Date of Award


Document Type


Degree Name

Doctor of Philosophy (PhD)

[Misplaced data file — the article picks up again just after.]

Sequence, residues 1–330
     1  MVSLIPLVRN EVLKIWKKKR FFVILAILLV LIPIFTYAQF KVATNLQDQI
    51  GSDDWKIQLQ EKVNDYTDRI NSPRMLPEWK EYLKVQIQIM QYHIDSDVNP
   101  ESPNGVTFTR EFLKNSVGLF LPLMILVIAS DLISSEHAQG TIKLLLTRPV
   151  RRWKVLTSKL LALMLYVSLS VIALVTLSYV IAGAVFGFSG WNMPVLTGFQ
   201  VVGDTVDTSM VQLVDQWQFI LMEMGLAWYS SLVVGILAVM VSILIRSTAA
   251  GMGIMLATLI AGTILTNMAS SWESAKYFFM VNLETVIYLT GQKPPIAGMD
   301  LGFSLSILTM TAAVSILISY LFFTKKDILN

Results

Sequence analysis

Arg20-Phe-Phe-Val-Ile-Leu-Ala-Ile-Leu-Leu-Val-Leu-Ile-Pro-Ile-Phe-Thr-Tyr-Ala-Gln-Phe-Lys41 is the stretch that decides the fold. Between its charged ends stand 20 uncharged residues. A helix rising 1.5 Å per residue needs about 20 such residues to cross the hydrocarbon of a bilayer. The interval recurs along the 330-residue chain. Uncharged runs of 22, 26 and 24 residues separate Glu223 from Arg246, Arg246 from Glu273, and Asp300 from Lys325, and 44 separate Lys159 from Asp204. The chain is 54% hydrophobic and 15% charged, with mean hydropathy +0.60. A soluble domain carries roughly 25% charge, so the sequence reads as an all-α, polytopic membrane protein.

The peripheral electrophysiological manifestations of levels of cognitive processing and memory performance were investigated by recording heart rate, skin conductance, skin temperature and electromyogram measures during a three phase verbal task. Subjects processed words at three cognitive levels (phonetic, low semantic, high semantic), and physiological recordings were made during cue covert processing and verbalization phases. Three colored lights were used to cue subjects to the appropriate processing level for each word. An incidental memory task was given following the processing tasks. As expected, words processed at the higher cognitive levels were recalled better. There was greater physiological reactivity associated with the phonetic tasks during the cue phase, while the semantic tasks produced more reactivity during the covert processing and verbalization phases. The high and low semantic tasks were psychophysiologically differentiated, the more semantically complex task eliciting greater arousal. An analysis of recalled versus non-recalled trials indicated greater heart rate and skin conductance increases on trials that were later recalled. A multivariate regression of physiological reactivity on memory scores showed a moderate relationship, with heart rate contributing the most variance. The results were interpreted as demonstrating a definite relationship between the level of cognitive operation and the amount of physiological reactivity. The greater activation accompanying the higher processing levels seemed to reflect the degree of cognitive effort at these levels. The reactivity accompanying the cue was interpreted to reflect arousal associated with task expectancy.